ISRO’s PSLV-C49 rocket will launch an Earth observation (surveillance) satellite RISAT-2BR2 and 9 foreign commercial satellites from Sriharikota on November 7 at 3:02 PM (Indian Standard Time).
This will be ISRO’s first satellite launch amid the COVID-19 pandemic, which has slowed down all space activities since March. The agency is also gearing up for the much-awaited first demonstration test of its new rocket Small Satellite Launch Vehicle (SSLV) or mini-PSLV by December.
RISAT-2BR2 is an advanced series of the Earth observation satellite whose synthetic aperture radar (SAR) has an all-weather and day and night observation capability. It can also see through clouds. This new ‘eye in the sky’ will boost the military’s surveillance capability from space and help the security forces keep a hawk eye on the borders amid the LAC troop stand-off with China. Besides its surveillance role, RISAT-2BR2 will also be used for civil applications like in agriculture, forestry, soil moisture, geology, coastal monitoring and flood monitoring.
Soon after the PSLV-C49 mission, ISRO is targeting to launch PSLV-C50 mission carrying GSAT-12R communication satellite in December.
However, the much-awaited launch of the first SSLV by December will generate a lot of interest among space enthusiasts as this is a vehicle-on-demand made especially for satellite customers. Post-PSLV-C49 launch, the first launchpad set-up has to be reconfigured to suit the shorter SSLV launch. The test on the SSLV motor is scheduled for November.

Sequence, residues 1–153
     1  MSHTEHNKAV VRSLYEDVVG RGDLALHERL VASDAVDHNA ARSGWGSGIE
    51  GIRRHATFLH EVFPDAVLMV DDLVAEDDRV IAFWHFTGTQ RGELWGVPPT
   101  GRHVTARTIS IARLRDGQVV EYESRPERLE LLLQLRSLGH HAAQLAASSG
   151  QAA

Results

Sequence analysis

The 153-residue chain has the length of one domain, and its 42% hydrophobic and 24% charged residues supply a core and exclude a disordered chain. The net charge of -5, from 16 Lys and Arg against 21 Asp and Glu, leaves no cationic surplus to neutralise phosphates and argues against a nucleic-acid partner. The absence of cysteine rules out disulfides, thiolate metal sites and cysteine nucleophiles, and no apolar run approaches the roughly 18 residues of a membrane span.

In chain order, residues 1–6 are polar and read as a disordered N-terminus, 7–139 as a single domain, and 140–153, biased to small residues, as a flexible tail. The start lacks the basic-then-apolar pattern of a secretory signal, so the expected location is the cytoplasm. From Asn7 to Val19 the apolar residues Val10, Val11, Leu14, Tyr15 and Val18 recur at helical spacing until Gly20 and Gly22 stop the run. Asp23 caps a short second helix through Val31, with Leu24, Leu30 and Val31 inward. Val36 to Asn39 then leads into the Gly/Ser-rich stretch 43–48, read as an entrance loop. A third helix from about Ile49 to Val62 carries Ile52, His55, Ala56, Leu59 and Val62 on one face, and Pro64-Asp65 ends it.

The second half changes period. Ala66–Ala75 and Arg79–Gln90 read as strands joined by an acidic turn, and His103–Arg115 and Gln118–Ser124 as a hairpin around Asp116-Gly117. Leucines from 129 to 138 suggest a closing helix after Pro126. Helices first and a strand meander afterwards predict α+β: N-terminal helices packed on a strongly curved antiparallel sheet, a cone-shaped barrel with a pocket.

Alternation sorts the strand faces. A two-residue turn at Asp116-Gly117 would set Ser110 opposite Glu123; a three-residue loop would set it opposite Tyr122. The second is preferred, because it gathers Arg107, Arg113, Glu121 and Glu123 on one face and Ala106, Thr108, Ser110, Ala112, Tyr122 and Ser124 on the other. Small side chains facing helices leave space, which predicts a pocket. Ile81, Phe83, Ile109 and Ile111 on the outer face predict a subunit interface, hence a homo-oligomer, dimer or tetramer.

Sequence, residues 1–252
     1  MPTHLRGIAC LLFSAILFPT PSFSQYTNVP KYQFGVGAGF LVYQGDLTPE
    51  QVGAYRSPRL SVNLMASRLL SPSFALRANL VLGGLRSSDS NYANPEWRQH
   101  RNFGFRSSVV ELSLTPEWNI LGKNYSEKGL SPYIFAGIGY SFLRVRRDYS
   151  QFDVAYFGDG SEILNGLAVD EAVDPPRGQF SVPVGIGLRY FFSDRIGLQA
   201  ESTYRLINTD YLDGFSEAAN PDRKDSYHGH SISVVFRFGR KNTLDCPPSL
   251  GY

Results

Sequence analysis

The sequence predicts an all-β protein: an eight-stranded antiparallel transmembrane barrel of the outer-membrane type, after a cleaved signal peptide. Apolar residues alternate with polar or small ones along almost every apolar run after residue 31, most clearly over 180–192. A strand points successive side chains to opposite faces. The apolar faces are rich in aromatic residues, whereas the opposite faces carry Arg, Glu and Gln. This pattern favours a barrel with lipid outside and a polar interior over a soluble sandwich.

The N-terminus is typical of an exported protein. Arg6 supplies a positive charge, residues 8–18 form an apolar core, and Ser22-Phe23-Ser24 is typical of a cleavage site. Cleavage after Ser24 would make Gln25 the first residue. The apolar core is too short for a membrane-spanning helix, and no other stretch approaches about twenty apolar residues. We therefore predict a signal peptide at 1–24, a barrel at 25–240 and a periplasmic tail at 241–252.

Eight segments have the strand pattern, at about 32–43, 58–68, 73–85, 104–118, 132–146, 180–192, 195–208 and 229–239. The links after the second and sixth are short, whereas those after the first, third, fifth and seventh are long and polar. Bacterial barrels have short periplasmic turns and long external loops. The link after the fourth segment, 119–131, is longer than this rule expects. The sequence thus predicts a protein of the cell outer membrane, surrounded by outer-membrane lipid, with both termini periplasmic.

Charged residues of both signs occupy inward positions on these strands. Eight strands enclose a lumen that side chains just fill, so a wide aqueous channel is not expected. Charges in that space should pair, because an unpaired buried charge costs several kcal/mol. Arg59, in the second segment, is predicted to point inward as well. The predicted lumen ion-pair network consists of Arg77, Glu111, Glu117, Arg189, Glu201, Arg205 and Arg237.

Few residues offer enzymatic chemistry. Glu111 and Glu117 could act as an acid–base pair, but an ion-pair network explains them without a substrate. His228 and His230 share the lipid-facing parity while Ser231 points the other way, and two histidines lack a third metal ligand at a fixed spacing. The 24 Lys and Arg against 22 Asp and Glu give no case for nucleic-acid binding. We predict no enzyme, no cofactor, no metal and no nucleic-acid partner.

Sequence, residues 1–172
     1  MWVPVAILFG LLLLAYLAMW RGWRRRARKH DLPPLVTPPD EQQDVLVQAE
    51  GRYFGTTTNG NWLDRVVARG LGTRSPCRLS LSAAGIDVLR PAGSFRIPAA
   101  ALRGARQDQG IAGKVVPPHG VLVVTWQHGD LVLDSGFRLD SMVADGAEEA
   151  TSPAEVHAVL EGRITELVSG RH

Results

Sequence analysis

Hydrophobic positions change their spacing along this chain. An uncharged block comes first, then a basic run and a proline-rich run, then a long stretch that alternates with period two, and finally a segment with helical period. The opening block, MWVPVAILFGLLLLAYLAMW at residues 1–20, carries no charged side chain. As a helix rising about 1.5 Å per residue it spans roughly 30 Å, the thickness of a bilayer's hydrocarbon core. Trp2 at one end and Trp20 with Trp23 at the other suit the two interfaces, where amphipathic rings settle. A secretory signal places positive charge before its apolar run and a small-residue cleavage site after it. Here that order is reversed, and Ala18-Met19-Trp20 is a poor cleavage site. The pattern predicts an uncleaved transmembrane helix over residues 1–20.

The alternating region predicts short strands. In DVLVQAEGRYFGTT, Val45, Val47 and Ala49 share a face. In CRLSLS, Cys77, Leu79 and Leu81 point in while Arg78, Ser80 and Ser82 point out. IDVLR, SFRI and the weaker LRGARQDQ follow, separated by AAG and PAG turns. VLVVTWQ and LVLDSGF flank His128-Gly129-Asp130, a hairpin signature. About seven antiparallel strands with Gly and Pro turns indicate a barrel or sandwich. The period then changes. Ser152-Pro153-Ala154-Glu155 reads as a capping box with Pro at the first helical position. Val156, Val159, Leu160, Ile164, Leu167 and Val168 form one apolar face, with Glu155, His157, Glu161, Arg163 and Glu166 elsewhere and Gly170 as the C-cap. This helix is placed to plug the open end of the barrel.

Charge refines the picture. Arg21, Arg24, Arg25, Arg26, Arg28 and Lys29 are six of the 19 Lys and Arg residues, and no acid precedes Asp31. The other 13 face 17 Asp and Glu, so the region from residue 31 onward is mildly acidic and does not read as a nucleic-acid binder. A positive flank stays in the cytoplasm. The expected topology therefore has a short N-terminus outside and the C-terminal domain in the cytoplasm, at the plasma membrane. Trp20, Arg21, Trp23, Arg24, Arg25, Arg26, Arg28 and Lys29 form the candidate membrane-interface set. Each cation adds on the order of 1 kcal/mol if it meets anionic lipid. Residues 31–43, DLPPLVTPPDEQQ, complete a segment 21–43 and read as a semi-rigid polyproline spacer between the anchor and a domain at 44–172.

An SSLV will have a three-stage engine rocket all powered by solid fuel. The mini-launcher can be assembled in just 3-5 days as compared to 30-40 days for a normal-size rocket. The 34 metre rocket will have a lift-off mass of 120 tonnes and will have the capability for multiple satellite launches at different orbits. However, an SSLV can carry a maximum of 500 kg payload to the Low Earth Orbit (LEO) and 300 kg to the Sun-Synchronous Orbit (SSO). The first commercial SSLV has already been booked for carrying an American payload much before its birth.
The last satellite ISRO had launched from Indian soil was PSLV-C48, which also carried a surveillance satellite, RISAT-2BR1, on December 11, 2019. The agency’s communication satellite GSAT-30 was the only satellite launched this year on January 17 but from the European spaceport in French Guiana.